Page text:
Idea Hunter Confidential: Matt May
Matthew E. May is an internationally recognized expert on change, innovation and design strategy. He is a columnist for the American Express Small Business OPEN Forum Idea Hub.
He is the author of three books, The Shibumi Strategy: A Powerful Way to Create Meaningful Change (2010), In Pursuit of Elegance: Why the Best Ideas Have Something Missing (2009), and The Elegant Solution: Toyota’s Formula for Mastering Innovation (2006). May lectures each year to corporations, governments, and universities around the world, as well as coaches creative teams and senior leaders in companies of all sizes.
Boynton: In terms of advancing your goals and objectives in life (e..g, Your blog, consulting work, your research agenda, other projects, etc), where do you search for great ideas (websites, people, conferences, locations, journals-mags, etc.)? And can you describe how frequently you hunt in those places?
May: For as long as I can remember, I have been drawn to, consumed by, even obsessed with, ideas. I’d go as far as to say I’m a meta-idea person, meaning I like to spend a lot of time thinking about the idea of ideas. I’m often accused of being “in my head.” Specifically, I’m fascinated by the design and structure of ideas. For roughly a decade, I’ve been on quest to track down and write about a special breed of ideas: elegant solutions. An elegant solution is one that achieves the maximum effect through the minimum means. I’m constantly on the prowl for elegant ideas that exhibit the unique pairing of two often contradictory qualities: extreme simplicity and surprising impact. It’s a daily regimen of three things:
- scanning written material in various forms to share great ideas developed elsewhere with others;
- paying close attention through keen observation to my surroundings, wherever I am and wherever I go, and recording both elegant solutions and opportunities to solve existing problems with an elegant solution; and
- my own ideation based on thoughts driven by my observations.
Boynton: When you find great ideas, be they from a conversation or something you scan, what do you do with them? Do you store them? How? Do you put them into play and show them to people? How do you handle interesting ideas once you find them?
May: I carry a Moleskine journal, to capture thoughts and observations. It’s a habit I picked up from the Japanese when I was working with Toyota. When something gels into an actual idea, I use a little device I’ve developed and used with clients called an IdeaSheet. [Download May’s IdeaSheet] It’s the size of a journal page, 5.5 X 8.5, with four distinct but constrained components. An easy way to remember them is 4D: dub, describe, defend, draw. Come up with a sticky name, a short description, a brief explanation of why it’s important or valuable, and a drawing. I think the last part is key…the ability to sketch your concept is the first step in turning the idea into action, because it’s a first draft, low resolution prototype. The IdeaSheet is actually a short story once completed, one you can tell. Interestingly, I just read Steven Pressfield’s (author of The Legend of Bagger Vance, and The War of Art) manifesto on finishing ideas, called Do The Work, and he recommends putting every idea–be it a book, a project, a business– in a 3-act framework, along with a theme. The Ideasheet does just that: Act 1 is describing it, Act 2 is defending it, Act 3 is drawing it, and the theme is the naming of it.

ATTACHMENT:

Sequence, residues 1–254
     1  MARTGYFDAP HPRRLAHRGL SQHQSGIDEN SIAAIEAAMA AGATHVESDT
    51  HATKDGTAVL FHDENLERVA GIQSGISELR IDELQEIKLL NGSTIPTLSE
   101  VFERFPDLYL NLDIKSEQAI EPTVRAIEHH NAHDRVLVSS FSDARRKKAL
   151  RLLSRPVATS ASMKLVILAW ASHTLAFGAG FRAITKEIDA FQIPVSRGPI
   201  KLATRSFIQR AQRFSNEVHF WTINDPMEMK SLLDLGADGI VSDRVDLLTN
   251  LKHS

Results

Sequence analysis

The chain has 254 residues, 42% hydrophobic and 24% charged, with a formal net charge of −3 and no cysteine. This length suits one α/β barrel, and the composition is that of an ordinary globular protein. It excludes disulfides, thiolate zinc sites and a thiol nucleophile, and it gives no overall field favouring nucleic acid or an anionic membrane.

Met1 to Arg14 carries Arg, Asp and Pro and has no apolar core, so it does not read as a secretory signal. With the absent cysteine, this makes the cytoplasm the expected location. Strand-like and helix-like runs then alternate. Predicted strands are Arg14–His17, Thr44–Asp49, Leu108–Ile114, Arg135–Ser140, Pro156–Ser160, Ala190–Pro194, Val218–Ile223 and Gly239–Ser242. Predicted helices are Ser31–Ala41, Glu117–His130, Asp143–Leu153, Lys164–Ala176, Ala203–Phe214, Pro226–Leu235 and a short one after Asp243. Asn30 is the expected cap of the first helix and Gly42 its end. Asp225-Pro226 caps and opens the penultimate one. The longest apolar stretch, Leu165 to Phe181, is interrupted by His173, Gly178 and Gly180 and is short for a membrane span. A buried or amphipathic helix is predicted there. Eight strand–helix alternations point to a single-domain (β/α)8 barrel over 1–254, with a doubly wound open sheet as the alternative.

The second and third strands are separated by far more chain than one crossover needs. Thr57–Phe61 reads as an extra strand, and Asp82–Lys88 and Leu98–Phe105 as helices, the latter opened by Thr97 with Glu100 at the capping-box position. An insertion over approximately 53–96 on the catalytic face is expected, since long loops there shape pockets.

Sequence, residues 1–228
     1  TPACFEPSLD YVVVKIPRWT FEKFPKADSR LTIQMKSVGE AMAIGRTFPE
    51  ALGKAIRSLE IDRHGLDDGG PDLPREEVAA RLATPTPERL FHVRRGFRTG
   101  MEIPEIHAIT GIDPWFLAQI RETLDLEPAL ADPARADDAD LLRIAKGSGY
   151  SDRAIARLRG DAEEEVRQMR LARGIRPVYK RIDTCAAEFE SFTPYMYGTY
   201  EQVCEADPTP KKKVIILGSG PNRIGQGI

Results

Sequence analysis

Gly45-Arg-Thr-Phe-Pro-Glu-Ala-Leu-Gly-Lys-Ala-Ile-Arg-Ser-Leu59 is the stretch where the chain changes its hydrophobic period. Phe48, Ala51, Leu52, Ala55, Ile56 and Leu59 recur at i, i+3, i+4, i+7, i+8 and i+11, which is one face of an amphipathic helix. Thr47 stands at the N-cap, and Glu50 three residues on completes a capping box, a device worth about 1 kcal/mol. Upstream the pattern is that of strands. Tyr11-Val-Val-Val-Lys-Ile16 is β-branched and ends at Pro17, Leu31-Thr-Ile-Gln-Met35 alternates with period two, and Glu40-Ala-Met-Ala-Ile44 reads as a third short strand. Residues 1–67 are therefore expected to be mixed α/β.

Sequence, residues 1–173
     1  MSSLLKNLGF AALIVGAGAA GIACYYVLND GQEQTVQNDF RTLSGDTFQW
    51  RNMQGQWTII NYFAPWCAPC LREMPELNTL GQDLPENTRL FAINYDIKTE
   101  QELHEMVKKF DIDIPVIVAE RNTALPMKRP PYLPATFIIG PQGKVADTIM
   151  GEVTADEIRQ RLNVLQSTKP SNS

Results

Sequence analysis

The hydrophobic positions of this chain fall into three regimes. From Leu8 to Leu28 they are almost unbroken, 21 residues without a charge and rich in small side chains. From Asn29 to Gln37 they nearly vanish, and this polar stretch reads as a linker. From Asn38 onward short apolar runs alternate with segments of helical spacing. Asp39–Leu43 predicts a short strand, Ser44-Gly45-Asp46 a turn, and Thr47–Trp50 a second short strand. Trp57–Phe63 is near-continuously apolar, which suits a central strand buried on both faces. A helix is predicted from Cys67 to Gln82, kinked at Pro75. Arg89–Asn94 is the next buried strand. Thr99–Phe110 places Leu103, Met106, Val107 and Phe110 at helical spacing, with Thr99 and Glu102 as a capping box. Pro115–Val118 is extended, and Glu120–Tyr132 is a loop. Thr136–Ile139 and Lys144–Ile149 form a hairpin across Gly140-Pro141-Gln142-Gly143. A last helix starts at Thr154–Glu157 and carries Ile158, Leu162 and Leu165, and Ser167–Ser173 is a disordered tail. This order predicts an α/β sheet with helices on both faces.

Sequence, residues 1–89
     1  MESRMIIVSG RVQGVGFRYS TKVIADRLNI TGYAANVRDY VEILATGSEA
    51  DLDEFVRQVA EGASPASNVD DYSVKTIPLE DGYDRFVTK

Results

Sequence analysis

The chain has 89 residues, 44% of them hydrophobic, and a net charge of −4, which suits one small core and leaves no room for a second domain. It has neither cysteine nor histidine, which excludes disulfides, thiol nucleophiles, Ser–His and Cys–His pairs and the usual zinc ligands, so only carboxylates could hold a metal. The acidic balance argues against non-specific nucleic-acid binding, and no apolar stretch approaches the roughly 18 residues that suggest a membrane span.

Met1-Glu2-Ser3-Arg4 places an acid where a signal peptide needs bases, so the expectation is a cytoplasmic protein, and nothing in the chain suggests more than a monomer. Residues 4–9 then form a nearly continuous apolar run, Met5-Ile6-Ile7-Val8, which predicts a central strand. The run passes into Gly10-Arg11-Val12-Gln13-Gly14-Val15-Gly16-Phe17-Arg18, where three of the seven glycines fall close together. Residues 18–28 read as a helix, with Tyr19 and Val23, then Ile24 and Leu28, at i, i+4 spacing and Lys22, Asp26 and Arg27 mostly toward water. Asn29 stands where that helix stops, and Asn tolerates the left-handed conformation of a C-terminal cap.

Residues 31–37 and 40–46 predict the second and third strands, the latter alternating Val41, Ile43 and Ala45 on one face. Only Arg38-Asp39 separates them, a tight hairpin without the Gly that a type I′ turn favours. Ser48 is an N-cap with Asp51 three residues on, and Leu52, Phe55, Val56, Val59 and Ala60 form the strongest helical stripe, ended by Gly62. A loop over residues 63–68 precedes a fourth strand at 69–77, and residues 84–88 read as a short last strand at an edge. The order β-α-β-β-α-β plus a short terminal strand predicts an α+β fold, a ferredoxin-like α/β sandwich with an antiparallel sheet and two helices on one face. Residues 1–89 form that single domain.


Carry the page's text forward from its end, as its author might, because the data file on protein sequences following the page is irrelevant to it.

Boynton: Can you think of a few big ideas you’ve found hunting and what they led to? How’d you find those big ideas? How’d you take them and turn them into something important to you?
May: When I was researching my second book, called In Pursuit of Elegance: Why the Best Ideas Have Something Missing, I was traveling all over the world on the speaking circuit. I used my travels to collect stories and ideas for the book. I was looking for elegant solutions, but those in which something had been subtracted or eliminated, and a greater impact resulted. I was speaking in Sweden, and I asked my sponsors if they knew of any such ideas or examples. They said, and I’ll never forget this: “You must go to Holland. They have eliminated all the traffic controls and signs at high traffic intersections, and traffic accidents have been cut in half, and traffic flows twice as well.” I went, I saw, I wrote. It formed the basis of a chapter in my book, and remains one of the most compelling stories I tell.
Matt May is an idea hunter extraordinaire. Two aspects struck me as extremely valuable: his philosophy and his tools.
Philosophically, Matt’s focus on simplicity and elegance in solutions to complex issues mirrors Occam’s razor one of my favorite principles from the world of ideas. Both Matt and Occam stress that in a world of complexity and uncertainty; it is often the simplest ideas that should garner the most attention. The power of simple ideas is multi-dimensional. It is worth paying attention to Matt’s perspectives and studying Occam. As the saying goes “it is a gift to be simple…”. That especially holds true in the world of ideas!
From philosophy to toolkit: Matt offers his valuable “IdeaSheet” concept (replete with a downloadable version). Matt writing down, developing and “working ideas” offers very important insights. We often associate work with labor and tasks to be done. In the world where ideas are the currency, the work of idea hunters is to develop and move ideas. Matt’s IdeaSheet and notebook examples illustrate how practical and pragmatic (and valuable!) working ideas can be.
If you want to make an impact with you ideas, Matt’s “confidential” insights are of value to any idea hunter. His blog is an idea hunter’s paradise. Visit it. Use it.